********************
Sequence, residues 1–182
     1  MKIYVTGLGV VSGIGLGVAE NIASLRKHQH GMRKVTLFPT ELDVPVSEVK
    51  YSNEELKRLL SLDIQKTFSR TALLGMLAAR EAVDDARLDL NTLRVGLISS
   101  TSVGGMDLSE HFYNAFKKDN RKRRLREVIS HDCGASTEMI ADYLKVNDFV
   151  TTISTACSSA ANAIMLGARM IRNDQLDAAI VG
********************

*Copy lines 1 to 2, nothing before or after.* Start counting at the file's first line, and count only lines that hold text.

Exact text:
Sequence, residues 1–182
     1  MKIYVTGLGV VSGIGLGVAE NIASLRKHQH GMRKVTLFPT ELDVPVSEVK